Tip 5: Gzip Site Content
Browsers can handle Gzipped and deflated content and decompress it on the
fly. Although IIS 5 had a gzip feature built-in, it is pretty much broken. Enter
products like Pipeboost to offer
better functionality — similar to what Apache users have enjoyed with
Don’t waste your bandwidth — even Google encodes its content, and its
pages are tiny.
Tip 4: Cache Your Content
While I’m on the topic of improving performance, remember to make your site
cache friendly. You can set expiration headers for different files or directories
right from the MMC. Just right click on an item via the IIS MMC, flip to the
“HTTP Headers” tab, and away you go. If you want to set cache control headers
programmatically — or even better, let your site developers do it — use
something like CacheRight. If you
want to go further and add reverse proxy caching, particularly for generated
content, a product like XCache, which also throws in compression, is a good choice.
Taking full advantage of caching might involve more time and expense, but when you watch your logs shrink because they don’t contain tons of pointless 304 responses, and your bandwidth consumption drops like a stone, even while total page views increase during the same period, you’ll start to understand why this particular tip was so important. Cache friendly sites are quite rare, but plenty of information is available online about the enormous benefits to be had by doing it right: Check out
Brian Davidson’s page, this nifty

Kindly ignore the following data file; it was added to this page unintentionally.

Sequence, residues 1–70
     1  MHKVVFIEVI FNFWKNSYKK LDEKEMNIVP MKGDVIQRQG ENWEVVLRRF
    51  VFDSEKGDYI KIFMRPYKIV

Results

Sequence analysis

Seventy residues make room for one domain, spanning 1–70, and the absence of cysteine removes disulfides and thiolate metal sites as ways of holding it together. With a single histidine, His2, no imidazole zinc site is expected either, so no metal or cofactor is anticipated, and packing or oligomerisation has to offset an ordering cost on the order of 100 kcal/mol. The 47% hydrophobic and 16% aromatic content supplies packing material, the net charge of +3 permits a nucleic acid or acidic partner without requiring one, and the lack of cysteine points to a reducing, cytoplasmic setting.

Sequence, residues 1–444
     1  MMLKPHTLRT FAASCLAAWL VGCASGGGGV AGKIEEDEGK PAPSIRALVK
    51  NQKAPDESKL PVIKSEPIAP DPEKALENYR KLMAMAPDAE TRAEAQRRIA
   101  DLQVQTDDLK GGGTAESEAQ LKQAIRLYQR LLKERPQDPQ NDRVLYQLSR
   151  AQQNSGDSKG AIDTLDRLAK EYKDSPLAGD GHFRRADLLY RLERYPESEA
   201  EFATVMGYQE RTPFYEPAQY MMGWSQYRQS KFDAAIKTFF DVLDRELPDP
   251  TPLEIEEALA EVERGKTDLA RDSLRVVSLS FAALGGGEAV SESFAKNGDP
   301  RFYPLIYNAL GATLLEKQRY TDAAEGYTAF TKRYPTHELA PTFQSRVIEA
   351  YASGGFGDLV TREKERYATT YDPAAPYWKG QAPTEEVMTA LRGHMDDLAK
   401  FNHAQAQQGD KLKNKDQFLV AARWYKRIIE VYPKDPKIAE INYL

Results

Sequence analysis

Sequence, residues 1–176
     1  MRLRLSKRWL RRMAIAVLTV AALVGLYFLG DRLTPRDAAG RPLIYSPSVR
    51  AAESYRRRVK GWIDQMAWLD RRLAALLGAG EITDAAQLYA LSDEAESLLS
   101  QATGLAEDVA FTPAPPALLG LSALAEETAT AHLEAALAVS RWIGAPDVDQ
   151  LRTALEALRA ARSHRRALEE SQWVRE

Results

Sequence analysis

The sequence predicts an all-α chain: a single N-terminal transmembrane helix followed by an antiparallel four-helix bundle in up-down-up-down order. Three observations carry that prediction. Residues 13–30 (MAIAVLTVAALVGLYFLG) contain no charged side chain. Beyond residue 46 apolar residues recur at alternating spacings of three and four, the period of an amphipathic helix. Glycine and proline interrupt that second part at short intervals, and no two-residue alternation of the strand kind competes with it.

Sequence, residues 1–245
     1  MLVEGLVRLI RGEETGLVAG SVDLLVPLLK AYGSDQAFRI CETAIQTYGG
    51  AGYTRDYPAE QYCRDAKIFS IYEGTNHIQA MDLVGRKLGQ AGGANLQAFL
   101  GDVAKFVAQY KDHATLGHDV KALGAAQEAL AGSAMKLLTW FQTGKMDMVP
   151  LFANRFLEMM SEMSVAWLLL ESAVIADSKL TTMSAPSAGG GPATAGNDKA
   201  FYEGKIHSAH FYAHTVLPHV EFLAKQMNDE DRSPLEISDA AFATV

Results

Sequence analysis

tutorial from Mark Nottingham,
and even what AOL has to say on the subject.
Tip 3: Tune Your Server
Tuning IIS is no small topic — whole books and courses are dedicated to it. But
some good basic help is available online, such as this piece from IIS guru
or this Knowledge Base article
from Microsoft itself. However, if you don’t feel like getting your hands dirty
— or can’t afford the time and expense of turning yourself into an expert —
take a look at XTune,
from the makers of XCache. It’s performance tuning wizards step you through the
process of tuning your IIS environment, making expert recommendations along the way.
Tip 2: Secure Your Server With Simple Fixes
Sure people are going to attack sites, but you don’t have to be a sitting duck
if you’re willing to make even a small effort. First off, don’t advertise the
fact that you are running IIS by showing your HTTP server header. Remove or
replace it using something like ServerMask
— probably the best $25 you’ll ever spend. You can go even farther
than this by removing unnecessary file extensions to further camouflage your
server environment, and scanning request URLs for signs of exploits. A number of commercial products provide user input scanning, and Microsoft offers a free tool called
that does the job. URLScan runs in conjunction with
a standard security package that should probably be installed on every IIS
server on the planet. These are simple fixes that could pay off big, so do them now.
Tip 1: Patch, Patch, Patch!
Okay, we in the IIS world do have to patch our systems and make hotfixes.
However, as a former Solaris admin I had to do the same thing there, so I am
not sure why this is a big surprise. You really must keep up with the
patches. Microsoft is of course the
but if you can, also use the highly-regarded www.cert.org. Simply search on “IIS”.
Well there you have it: 10 tips for IIS admins to improve their servers. Some
of the tips might become obsolete once IIS 6 is gold, but, for now at least,
Windows 2000 and NT IIS admins should apply a few of these today and sleep a little better at night.